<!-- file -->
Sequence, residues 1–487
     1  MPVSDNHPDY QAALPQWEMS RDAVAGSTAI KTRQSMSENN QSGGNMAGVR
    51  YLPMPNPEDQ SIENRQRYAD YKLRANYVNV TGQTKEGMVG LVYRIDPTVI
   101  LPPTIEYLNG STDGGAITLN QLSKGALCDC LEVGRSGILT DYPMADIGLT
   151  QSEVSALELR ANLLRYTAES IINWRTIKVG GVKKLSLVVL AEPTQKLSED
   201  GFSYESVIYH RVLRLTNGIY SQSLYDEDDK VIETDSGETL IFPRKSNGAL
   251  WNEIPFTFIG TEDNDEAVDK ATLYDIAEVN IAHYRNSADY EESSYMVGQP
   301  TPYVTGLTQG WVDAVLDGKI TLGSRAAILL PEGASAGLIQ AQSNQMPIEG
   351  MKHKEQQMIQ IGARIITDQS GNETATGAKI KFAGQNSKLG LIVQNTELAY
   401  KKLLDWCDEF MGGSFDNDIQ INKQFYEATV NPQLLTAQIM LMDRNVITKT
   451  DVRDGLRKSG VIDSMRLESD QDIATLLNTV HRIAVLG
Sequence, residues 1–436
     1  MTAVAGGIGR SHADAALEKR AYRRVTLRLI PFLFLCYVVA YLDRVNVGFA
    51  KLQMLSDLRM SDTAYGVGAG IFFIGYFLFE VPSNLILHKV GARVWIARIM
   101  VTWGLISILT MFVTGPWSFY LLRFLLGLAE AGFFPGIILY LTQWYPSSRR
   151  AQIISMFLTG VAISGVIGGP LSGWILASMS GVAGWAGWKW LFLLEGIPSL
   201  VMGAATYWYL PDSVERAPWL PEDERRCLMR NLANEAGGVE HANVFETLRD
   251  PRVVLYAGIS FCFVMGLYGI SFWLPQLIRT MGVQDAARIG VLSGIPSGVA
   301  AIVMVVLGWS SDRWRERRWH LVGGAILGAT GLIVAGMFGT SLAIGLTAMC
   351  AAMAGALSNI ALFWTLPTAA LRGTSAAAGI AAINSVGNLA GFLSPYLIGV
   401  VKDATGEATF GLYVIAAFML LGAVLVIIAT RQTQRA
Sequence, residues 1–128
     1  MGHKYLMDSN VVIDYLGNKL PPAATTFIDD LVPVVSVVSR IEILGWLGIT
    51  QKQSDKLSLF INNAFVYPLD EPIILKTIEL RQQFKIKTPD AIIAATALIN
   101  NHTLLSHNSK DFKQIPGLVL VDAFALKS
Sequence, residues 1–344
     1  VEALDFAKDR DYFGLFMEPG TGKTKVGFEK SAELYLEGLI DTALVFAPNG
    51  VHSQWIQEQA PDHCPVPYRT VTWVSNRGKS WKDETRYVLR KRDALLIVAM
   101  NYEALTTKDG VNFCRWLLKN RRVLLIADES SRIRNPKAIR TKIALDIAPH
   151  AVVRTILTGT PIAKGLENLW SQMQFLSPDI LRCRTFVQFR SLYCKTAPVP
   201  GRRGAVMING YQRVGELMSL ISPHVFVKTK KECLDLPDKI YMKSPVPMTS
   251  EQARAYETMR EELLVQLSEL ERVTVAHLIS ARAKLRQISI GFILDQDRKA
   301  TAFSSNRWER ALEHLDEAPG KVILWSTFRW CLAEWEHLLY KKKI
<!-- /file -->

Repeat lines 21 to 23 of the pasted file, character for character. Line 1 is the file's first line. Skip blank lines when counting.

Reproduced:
   401  VKDATGEATF GLYVIAAFML LGAVLVIIAT RQTQRA
Sequence, residues 1–128
     1  MGHKYLMDSN VVIDYLGNKL PPAATTFIDD LVPVVSVVSR IEILGWLGIT